Sildenafil enhances systolic adaptation, but does not prevent diastolic dysfunction, in the pressure-loaded right ventricle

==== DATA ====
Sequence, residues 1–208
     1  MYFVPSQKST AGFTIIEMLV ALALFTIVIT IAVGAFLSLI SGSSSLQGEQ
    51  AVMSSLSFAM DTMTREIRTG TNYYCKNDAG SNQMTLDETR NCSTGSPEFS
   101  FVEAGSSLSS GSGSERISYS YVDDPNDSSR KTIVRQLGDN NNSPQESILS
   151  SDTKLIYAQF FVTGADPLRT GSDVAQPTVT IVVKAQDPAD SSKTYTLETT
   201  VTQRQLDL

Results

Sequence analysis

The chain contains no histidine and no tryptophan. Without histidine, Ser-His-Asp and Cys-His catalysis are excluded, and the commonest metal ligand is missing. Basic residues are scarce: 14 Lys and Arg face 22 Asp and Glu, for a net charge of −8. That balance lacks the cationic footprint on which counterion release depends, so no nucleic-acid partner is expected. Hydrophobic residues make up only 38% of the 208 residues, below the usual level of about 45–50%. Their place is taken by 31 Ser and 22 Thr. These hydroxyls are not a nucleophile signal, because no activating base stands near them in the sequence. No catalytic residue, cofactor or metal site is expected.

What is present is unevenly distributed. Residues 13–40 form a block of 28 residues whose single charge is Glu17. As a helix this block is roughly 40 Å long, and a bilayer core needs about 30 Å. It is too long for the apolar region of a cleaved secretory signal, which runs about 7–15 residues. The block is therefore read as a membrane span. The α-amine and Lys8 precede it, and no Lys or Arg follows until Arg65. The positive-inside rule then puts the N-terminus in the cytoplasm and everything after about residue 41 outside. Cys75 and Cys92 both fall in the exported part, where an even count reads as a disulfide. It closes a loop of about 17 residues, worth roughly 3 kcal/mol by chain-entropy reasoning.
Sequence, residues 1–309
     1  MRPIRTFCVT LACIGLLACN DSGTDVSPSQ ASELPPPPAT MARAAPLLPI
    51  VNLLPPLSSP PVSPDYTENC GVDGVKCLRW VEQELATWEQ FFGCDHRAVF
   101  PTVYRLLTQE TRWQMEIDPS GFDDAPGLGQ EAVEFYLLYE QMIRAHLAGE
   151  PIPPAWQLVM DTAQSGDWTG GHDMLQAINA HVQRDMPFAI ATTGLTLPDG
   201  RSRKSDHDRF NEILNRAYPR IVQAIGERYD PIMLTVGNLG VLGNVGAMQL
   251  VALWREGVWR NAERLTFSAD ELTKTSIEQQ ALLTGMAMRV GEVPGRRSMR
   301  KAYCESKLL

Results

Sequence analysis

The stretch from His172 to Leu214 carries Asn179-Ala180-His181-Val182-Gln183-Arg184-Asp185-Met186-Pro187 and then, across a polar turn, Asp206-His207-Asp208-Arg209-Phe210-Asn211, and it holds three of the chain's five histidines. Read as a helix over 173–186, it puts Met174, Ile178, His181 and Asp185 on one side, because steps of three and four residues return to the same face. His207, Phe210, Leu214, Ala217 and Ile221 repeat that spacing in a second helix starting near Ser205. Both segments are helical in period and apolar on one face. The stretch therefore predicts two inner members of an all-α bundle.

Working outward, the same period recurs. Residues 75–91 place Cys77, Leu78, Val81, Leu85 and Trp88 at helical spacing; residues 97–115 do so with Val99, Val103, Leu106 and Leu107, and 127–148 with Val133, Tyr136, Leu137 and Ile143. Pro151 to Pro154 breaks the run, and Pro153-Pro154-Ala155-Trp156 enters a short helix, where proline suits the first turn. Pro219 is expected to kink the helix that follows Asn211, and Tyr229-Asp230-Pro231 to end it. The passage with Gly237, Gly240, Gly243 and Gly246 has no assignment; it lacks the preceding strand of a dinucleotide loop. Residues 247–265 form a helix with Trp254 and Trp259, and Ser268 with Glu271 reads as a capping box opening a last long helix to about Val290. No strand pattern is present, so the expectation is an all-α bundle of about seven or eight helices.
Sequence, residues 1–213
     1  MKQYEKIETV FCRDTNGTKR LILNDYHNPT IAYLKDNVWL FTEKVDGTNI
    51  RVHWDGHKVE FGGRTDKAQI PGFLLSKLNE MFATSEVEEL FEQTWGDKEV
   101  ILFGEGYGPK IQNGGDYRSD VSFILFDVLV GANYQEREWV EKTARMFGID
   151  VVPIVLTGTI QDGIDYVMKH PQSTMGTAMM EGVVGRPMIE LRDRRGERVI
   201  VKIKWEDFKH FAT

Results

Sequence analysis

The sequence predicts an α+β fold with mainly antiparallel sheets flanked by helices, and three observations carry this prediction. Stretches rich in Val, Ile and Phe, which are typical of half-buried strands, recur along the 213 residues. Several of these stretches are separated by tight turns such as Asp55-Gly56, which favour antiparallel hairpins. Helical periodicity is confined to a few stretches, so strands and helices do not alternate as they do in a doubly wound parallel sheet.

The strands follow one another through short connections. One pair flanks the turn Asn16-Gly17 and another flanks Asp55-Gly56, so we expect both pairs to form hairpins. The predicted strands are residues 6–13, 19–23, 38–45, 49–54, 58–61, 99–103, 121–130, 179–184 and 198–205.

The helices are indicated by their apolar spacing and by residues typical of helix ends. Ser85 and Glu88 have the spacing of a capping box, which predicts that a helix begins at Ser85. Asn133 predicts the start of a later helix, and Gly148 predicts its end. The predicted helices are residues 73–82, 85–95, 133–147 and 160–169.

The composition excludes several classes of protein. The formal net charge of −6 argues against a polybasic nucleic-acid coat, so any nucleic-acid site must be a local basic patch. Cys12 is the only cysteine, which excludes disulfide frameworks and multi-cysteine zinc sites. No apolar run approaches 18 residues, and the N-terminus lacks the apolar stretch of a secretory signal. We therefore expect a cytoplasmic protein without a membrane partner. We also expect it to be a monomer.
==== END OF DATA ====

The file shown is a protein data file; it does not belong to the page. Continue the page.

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AimRight ventricular (RV) failure due to pressure or volume overload is a major risk factor for early mortality in congenital heart disease and pulmonary hypertension, but currently treatments are lacking. We aimed to demonstrate that the phosphodiesterase 5A inhibitor sildenafil can prevent adverse remodelling and improve function in chronic abnormal RV overload, independent from effects on the pulmonary vasculature.Methods and resultsIn rat models of either pressure or volume overload, we performed pressure–volume studies to measure haemodynamic effects and voluntary exercise testing as clinical outcome after 4 weeks of sildenafil (or vehicle) administration. In the pressure-loaded right ventricle, sildenafil enhanced contractility [end-systolic elastance (mmHg/mL) 247 ±68 vs.155 ±71, sildenafil vs. vehicle, P < 0.05], prevented RV dilatation [end-diastolic volume (μL) 733 ±50 vs. 874 ±39, P < 0.05], reduced wall stress [peak wall stress (mmHg) 323 ±46 vs. 492 ±62, P < 0.05], and partially preserved exercise tolerance [running distance (%) –33 ±15 vs. –62 ±12, P < 0.05]. Protein kinase A was not activated by sildenafil and thus did not mediate the observed effects. In contrast, protein kinase G-1 was activated by sildenafil, but hypertrophy was not inhibited. Importantly, sildenafil did not prevent diastolic dysfunction, whereas RV fibrosis appeared to be increased in sildenafil-treated rats. In the volume-loaded right ventricle, sildenafil treatment did not show any beneficial effects.ConclusionWe demonstrate sildenafil to have beneficial, afterload-independent effects on the pressure-loaded right ventricle, but not on the volume-loaded right ventricle. These results indicate that sildenafil may offer a specific treatment for the pressure-loaded right ventricle, although persistent diastolic dysfunction and RV fibrosis could be of concern.

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